One year we spent a month in Israel allowing the kids to be immersed in the culture rather than just visiting family. Menash’s best friends Chagiet and Gil invited us to stay in their soon-to-be-finished home. Chagiet found each kid an age-appropriate camp.
Before we arrived, Chagiet and Gil decided to get divorced. Our timing to be house guests was horrible (from my American point of view) but Menash assured me that it was ok. Additionally, Chagiet’s cousin, Maud, and nieces who were coming to visit from the Netherlands, overlapping with our visit. My American brain was struggling with this timing and situation.
When I was growing up, our extended family would stay in our house for 2-3 nights at a time. And we would stay in their houses for weekends. When we were together, we were really together. We were expected to do everything as one group. All meals together. All outings together. This was what I knew.
We filled Chagiet’s house totaling 3 moms, 1 dad, 7 kids speaking 3 languages, and 1 large dog. Chagiet welcomed us with warm open arms. The kids loved it… playing each other and the dog, swimming, doing art projects, playing cards, etc. The moms got along wonderfully, taking turns with the grocery shopping, cooking, and caring for the kids.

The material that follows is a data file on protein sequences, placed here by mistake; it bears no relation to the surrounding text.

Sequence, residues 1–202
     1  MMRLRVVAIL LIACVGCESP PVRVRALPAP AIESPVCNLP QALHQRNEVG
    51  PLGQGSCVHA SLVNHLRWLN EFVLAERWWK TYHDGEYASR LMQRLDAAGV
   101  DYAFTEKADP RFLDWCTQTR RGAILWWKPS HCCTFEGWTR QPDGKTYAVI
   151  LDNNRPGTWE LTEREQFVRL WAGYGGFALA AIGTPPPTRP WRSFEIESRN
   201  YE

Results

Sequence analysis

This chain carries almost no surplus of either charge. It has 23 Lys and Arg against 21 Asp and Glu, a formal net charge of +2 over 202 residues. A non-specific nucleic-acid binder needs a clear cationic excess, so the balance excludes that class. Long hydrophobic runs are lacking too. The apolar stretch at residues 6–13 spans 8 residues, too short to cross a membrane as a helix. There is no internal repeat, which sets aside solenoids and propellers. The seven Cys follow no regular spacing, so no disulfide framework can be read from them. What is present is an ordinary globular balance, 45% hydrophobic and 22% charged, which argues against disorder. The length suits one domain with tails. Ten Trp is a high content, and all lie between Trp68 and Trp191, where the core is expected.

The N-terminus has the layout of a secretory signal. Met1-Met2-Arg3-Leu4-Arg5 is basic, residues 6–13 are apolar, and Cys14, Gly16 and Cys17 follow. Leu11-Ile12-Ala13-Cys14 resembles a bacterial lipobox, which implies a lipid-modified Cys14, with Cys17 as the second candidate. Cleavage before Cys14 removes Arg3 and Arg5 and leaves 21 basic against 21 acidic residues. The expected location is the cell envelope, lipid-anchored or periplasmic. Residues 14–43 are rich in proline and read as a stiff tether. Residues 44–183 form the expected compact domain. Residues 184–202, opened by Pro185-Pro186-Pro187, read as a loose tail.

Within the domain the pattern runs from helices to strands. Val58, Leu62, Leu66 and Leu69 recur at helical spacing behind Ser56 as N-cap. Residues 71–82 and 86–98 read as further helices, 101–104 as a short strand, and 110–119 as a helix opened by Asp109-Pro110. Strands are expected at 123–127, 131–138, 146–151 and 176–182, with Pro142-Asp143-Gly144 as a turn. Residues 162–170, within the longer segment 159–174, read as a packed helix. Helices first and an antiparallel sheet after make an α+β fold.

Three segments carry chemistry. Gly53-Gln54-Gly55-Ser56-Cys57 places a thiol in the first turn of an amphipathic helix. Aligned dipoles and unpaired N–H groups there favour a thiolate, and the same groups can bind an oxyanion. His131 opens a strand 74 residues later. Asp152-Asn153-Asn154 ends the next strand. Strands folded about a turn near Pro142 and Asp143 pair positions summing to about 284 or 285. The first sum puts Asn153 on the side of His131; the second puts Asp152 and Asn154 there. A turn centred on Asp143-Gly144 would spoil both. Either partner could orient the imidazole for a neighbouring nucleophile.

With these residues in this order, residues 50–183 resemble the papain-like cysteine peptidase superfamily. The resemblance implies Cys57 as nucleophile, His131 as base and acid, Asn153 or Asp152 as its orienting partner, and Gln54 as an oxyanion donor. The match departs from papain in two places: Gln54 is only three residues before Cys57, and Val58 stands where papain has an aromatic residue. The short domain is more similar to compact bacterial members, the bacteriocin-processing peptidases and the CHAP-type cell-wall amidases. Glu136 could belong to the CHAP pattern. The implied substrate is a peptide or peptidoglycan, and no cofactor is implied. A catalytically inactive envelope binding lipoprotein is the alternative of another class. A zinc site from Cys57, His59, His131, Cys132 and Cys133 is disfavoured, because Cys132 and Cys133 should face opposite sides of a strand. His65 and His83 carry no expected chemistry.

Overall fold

In all of this chaos, Chagiet carried on with her life. She went where she needed to go. She kept her appointments. She did her yoga. She did her life.
She taught me that you can have house guests (especially when they stay longer than a weekend!) without disrupting your life. The guests will find their way and do what they want and need. It becomes a larger system caring for and helping each other.
When family, friends and my children’s friends come to my house, I show them how to be self-sufficient. I show them where to the drinks and snacks, how to help prepare a meal, and set expectations that they have to clean up after themselves.
Thank you, Chagiet Grossman!